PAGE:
Archive for Thomson Reuters

Nobel Predictions

Posted in The Universe and Stuff with tags , , , on September 24, 2010 by telescoper

I was quite interested to see, in this week’s Times Higher, a set of predictions of the winners of this years Nobel Prizes. I’ve taken the liberty of publishing the table here, although for reasons of taste I’ve removed the column pertaining to Economics.

Year Medicine Chemistry Physics
2010 D. L. Coleman, J. M. Friedman (leptin)
E. A. McCulloch, J. E. Till (stem cells)
and S. Yamanaka (iPS cells)
R. M. Steinman (dendritic cells)
P. O. Brown (DNA microarrays)
S. Kitagawa, O. M. Yaghi (metal-organic frameworks)
S. J. Lippard (metallointercalators)
C. L. Bennett, L. A. Page,
D. N. Spergel (WMAP)
T. W. Ebbesen (surface plasmon photonics)
S. Perlmutter, A. G. Riess, B. P. Schmidt (dark energy)
2009 E.H. Blackburn, C. W. Greider, J.W. Szostak (telomeres) (won in 2009)
J.E. Rothman, R. Schekman (vesicle transport)
S. Ogawa (fMRI)
M. Grätzel (solar cells)
J.K. Barton, B. Giese, G.B. Schuster (charge transfer in DNA)
B. List (organic asymmetric catalysis)
Y. Aharonov, M.V. Berry (Aharonov-Bohm effect and Berry phase)
J.I. Cirac, P. Zoller (quantum optics)
J.B. Pendry, S. Schultz, D.R. Smith (negative refraction)
2008 S. Akira, B.A. Beutler, J. Hoffmann (toll-like receptors)
V.R. Ambros, G. Ruvkun (miRNAs)
R. Collins, R. Peto (meta-analysis)
Roger Y. Tsien (green fluorescent protein)
C.M. Lieber (nanomaterials)
K. Matyjaszewski (ATRP)
A.K. Geim, K. Novoselov (graphene)
V.C. Rubin (dark matter)
R. Penrose, D. Schechtman (Penrose tilings, quasicrystals)
2007 F.H. Gage (neurogenesis)
R.J. Ellis, F.U. Hartl, A.L. Horwich (chaperones)
J. Massagué (TGF-beta)
S.J. Danishefsky (epothilones)
D. Seebach (synthetic organic methods)
B.M. Trost (organometallic and bio-organic chemistry)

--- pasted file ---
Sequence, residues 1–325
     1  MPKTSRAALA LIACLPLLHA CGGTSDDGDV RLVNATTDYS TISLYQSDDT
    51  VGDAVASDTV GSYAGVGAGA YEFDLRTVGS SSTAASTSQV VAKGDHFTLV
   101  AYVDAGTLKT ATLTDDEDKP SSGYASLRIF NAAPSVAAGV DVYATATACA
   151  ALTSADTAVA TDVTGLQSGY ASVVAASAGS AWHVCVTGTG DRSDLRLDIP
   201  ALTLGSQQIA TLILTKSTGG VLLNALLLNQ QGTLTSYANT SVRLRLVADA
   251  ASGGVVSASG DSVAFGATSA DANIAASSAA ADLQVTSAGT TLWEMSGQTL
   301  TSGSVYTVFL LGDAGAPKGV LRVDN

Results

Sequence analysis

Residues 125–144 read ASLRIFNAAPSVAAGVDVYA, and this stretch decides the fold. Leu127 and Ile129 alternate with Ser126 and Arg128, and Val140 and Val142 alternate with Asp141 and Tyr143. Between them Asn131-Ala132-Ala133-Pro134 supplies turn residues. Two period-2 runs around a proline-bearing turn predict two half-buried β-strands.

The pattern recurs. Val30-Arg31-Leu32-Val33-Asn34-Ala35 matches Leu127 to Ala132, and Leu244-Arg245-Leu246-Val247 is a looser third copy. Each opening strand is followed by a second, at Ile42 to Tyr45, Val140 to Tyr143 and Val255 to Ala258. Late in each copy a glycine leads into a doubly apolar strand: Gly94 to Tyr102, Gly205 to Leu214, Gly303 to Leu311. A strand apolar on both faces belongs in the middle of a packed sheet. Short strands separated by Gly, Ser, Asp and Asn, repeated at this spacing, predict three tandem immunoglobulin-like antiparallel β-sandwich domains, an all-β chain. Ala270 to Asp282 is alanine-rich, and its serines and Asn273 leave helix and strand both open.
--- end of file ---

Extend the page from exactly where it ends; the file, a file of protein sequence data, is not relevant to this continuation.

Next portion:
S. Iijima (nanotubes)
A.B. McDonald (neutrino mass)
M.J. Rees (cosmology)
2006 Mario Capecchi, Martin J. Evans and Oliver Smithies (gene targeting) (won in 2007)
P. Chambon, R.M. Evans, E.V. Jensen (hormone receptors)
A.J. Jeffreys (DNA profiling)
G.R. Crabtree, S.L. Schreiber (small molecule chembio)
T.J. Marks (organometallic)
D.A. Evans, S.V. Ley (natural products)
Albert Fert and Peter Grünberg (GMR) (won in 2007)
A.H. Guth, A. Linde, P.J. Steinhardt (inflation)
E. Desurvire, M. Nakazawa, D.N. Payne (erbium-doped fibre amplifiers)
2002-05 M.J. Berridge (cell signalling)
A.G. Knudson, B. Vogelstein, R.A. Weinberg (tumour suppressor genes)
F.S. Collins, E.S. Lander, J.C. Venter (gene sequencing)
Robert H. Grubbs (metathesis method) (predicted and won in 2005)
A. Bax (NMR and proteins)
K.C. Nicolaou (total synthesis, taxol)
G.M. Whitesides, S. Shinkai, J.F. Stoddart (nano self-assembly)
M.B. Green, J.H. Schwarz, E. Witten (string theory)
Y. Tokura (condensed matter)
S. Nakamura (gallium nitride-based LEDs)

It’s quite interesting to see two sets of contenders from the field of cosmology, one from the Wilkinson Microwave Anisotropy Probe (WMAP) and another from the two groups studying high-redshift supernovae whose studies have led to the inference that the universe is accelerating thus indicating the presence of dark energy. Although both these studies are immensely important, I’d actually be surprised if either is the winner of the physics prize. In the case of WMAP I think it’s probably a bit too soon after the 2006 award for COBE for the microwave background to collect another prize. In the case of the supernovae searches I think it’s still too early to say that we actually know what is going on with the apparent accelerated expansion.

You never know, though, and I’d personally be delighted if either of these groups found themselves invited to Stockholm this December.

Interested to see how these predictions were made I had a quick look at the link the Times Higher kindly provided for further explanation, at which point my heart sank. I should have realised that it would be the dreaded Thomson Reuters, purveyors of unreliable numerology to the unwary. They base their predictions on the kind of bibliometric flummery of which they are expert peddlers, but which is not at all similar to the way the Nobel Foundation does its selections. No wonder, then, that their track-record in predicting Nobel prizes is so utterly abysmal…


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